Some time ago, on another blog, someone I know in real life, commenting under his/her real name, made some unnecessarily personal remarks about someone else whom we both know in real life. In order to protect my anonymity, I signed in using a pseudonym other than Shira Salamone and suggested that the commenter go easy on the lashon hara (malacious gossip).

I would not have been able to do that if the blogger had been using Haloscan for comments. Much to my dismay, I've found that commenting under another name is impossible with Haloscan. Once you sign in one time, you're "marked" for life. No matter how many times I delete my URL, invariably, it pops right back up in the preview. Therefore, there are some blogs on which I cannot comment under another name, and, therefore, cannot participate in certain discussions.

If a blog uses Blogger for commenting, on the other hand, a commenter has three choices: he/she may use her/his Blogger identity, another identity (a pseudonym, or, in the case of many of us, a different pseudonym than the usual one), or "anonymous," (unless, of course, that particular blogger chooses not to allow anonymous comments).

Please, do us bloggers blogging under pseudonyms a favor, and don't use Haloscan for comments!

Sunday, August 05, 2007

Elie's son Aaron, gone, and missed

This made me cry.

"Net nannies" narrow access

First, the fine folks at my office blocked our access to both YouTube and MySpace.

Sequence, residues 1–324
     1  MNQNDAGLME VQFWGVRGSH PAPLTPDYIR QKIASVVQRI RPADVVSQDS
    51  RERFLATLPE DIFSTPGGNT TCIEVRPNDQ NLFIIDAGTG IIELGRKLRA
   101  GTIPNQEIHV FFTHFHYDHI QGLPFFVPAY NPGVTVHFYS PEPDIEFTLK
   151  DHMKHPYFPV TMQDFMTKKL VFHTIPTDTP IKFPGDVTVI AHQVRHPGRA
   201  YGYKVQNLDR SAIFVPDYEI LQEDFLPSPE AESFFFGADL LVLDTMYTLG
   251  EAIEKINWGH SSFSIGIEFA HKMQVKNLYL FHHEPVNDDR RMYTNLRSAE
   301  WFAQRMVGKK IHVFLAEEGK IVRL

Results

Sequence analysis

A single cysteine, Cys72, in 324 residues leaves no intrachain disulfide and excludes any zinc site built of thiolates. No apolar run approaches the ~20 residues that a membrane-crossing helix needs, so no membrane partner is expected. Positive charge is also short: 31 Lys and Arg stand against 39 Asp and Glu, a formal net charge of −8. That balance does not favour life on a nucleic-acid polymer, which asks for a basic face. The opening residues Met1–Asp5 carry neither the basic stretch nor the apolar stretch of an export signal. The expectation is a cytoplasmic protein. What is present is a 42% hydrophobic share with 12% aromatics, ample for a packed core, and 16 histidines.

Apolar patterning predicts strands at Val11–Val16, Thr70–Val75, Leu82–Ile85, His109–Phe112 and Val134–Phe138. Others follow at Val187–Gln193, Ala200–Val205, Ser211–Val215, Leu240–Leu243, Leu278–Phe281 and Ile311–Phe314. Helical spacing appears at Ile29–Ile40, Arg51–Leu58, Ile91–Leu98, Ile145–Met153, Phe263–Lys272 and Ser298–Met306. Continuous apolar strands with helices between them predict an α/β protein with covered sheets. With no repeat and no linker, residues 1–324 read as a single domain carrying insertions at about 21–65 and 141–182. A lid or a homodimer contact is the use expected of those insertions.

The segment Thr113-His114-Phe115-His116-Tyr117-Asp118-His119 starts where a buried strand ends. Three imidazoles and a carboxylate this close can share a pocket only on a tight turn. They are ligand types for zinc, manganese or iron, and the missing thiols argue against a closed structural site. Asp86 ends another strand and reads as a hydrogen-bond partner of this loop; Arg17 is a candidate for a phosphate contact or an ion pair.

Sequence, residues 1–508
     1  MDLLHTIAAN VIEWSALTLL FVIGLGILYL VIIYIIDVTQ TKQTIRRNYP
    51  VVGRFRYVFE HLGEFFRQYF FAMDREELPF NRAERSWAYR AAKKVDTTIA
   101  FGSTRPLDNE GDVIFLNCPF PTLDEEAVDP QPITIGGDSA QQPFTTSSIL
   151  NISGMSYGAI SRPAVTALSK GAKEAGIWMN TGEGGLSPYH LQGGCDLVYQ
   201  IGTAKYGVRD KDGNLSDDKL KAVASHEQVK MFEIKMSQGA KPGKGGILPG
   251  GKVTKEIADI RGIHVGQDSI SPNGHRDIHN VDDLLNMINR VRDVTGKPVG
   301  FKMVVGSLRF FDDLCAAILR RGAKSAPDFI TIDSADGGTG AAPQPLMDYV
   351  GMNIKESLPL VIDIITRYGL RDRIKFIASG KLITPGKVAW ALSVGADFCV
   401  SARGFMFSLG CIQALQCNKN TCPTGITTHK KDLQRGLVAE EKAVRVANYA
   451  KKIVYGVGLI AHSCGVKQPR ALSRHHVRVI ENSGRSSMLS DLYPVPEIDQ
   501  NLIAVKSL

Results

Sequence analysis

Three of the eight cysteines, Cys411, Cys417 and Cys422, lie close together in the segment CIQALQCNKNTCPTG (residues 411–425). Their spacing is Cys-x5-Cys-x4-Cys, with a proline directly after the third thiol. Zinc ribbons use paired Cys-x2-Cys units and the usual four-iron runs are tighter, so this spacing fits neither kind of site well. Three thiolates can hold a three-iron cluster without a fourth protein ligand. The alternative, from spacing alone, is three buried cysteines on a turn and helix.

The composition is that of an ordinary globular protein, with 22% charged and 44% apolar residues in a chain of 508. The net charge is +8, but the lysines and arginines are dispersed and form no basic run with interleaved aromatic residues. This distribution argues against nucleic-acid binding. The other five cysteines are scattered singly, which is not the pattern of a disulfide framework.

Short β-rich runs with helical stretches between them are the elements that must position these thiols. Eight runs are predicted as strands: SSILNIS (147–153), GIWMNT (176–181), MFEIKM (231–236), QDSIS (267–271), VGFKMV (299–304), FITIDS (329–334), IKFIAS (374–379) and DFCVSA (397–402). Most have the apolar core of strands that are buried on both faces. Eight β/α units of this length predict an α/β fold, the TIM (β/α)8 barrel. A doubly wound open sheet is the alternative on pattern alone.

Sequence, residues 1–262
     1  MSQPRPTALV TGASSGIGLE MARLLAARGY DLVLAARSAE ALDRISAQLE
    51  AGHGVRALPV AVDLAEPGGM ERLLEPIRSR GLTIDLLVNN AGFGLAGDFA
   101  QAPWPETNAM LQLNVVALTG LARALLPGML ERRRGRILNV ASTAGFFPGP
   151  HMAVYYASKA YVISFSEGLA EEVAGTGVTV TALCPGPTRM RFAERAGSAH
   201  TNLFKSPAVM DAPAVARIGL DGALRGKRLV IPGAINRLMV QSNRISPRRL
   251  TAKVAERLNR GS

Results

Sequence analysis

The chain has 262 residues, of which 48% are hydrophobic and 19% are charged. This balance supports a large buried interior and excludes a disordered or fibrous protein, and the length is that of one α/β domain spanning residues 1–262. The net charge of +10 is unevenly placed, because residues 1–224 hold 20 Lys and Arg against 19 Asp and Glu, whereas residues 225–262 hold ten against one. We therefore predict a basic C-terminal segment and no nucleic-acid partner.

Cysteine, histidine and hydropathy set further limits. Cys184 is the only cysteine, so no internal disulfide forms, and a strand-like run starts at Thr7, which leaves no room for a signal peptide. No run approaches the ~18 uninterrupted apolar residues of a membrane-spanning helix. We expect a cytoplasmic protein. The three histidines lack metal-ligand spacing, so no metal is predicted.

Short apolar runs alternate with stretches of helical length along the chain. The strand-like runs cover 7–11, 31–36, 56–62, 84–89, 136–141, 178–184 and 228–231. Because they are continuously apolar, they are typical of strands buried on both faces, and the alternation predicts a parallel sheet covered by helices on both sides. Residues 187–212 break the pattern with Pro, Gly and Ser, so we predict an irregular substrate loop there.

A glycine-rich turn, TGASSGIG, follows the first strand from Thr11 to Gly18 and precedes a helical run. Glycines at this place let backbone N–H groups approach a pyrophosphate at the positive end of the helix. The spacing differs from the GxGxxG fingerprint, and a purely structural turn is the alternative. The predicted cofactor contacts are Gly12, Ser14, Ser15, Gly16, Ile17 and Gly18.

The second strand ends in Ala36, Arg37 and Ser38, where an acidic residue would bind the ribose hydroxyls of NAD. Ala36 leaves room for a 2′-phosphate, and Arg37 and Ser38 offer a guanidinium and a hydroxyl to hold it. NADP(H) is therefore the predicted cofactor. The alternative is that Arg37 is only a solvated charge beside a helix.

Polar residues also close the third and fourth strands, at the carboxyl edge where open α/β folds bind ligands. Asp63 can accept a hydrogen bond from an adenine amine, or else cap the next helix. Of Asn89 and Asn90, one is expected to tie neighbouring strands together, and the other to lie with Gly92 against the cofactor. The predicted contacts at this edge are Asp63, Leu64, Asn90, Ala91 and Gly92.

Then, Elie's employer blocked his ability to comment, or to publish posts except via e-mail.

Now, they're upping the ante--according to a recent e-mail, Noam, the blogger formerly known as Dilbert, no longer has access to blogs at all at work, and can't even read them, much less comment or publish.

So it's possible that some of the bloggers who've pretty much vanished from the face of the earth recently are just having a hard time finding a free minute in their schedules to blog.

Thursday, August 02, 2007

Close calls, sad and glad

Some of us were biting our nails about the wellbeing of Sheyna Galyan and her family until we saw this post of hers. What a tragedy for those who were not so fortunate, and for their loved ones.

In better news, Steg has decided to go for it. Best of luck!

"Foot & mouth disease" update: A "pearl" in the wrong place

See here for the mouth part (and here for the foot part--the podiatric surgeon says he won't know whether the lump in my foot is permanent until next January, a year after the surgery).

So I go in for a stroboscopy--the doctor sprays my mouth and throat to numb them a bit, then sticks a stick with a video camera on the end down my throat. (The doc's telling me, "Try not to fight with me--don't pull your tongue back while I'm pulling it forward." That's easy for you to say!) Lo and behold, there's a "pearl" on my vocal chords. I now have exciting videos of a polyp. Yippee! Not. :(

Now, to return to my return otolaryngologist and find out what the recommended treatment is. They don't like doing surgery for these, so my guess is that I'm in for a nice long round of speech therapy. Stay tuned.